We then completed the mile and half tour of the walls of the Roman town. The first picture shows the walls as seen from the churchyard and the second shows them from Church Road, which runs alongside the walls for a while. A wonderful tour round which put us in mind of Lucca, although in Lucca there is a thriving small city inside to look at as you go past. Here all you can see is grass.

And oak trees - there are some splendid specimens along the line of the wall, like this one below. I owe my heightened sensitivity to this to "Meetings with remarkable trees" which I read recently and reviewed.

From: The Mortimer-Silchester route is from Rambling for Pleasure: Around Reading second series by David Bounds for the East Berkshire Ramblers’ Association Group. We added the walk around the walls and modified the route home.
Rating: four stars.

Map: Explorer 159 (Reading, Wokingham & Pangbourne).

Wonderful brickwork near Summerlug


The Roman town of Calleva Atrebatum dates back to the first century AD and the walls to AD 270. The full story of the site is available on the University of Reading website. It is unique among Roman towns in Britain for being completely abandoned - all you now see is the remains of the walls and grassy fields.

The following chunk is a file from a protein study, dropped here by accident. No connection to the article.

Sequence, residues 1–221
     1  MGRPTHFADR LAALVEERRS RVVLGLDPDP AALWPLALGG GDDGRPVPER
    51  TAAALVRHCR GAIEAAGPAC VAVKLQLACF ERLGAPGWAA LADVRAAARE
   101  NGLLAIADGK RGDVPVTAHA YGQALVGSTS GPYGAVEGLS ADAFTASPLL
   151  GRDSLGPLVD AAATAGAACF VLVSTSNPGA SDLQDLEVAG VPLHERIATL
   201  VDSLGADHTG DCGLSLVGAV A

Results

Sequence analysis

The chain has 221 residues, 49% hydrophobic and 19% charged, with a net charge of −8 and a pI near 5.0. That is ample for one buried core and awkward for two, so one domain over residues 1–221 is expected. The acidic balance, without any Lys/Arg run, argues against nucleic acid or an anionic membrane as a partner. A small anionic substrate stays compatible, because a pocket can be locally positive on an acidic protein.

Saturday, 2 February 2008

Donnington Castle

Donnington Castle

The walk begins at Snelsmore Common Country Park just north of Newbury. You quickly leave the country park and go northwest across fields towards Winterbourne, and then pass between the church and the splendid manor house.

St James's Church, Winterbourne

The route then gets reasonably close to the M4 with attendant traffic noise, before doubling back across Boxford Common and Mount Hill towards Bagnor. This section of the walk follows a long ridge with excellent views in both directions.

Scots pines and gorse on Boxford Common

The final section involves crossing and re-crossing the A34 (Newbury Bypass) to visit Donnington castle.

Rating: Four stars.

From: Walking in Berkshire by Robert Wilson (Ciccerone).

Map: Explorer 158 (Newbury and Hungerford).

Donnington Castle

A licence to build the castle was granted in 1386. During the civil war the castle was successfully defended by royalists during 1644 and 1645. Most of it was destroyed after the civil war and what you see today is the impressive gate house. The plan of the original walls can still be seen behind it.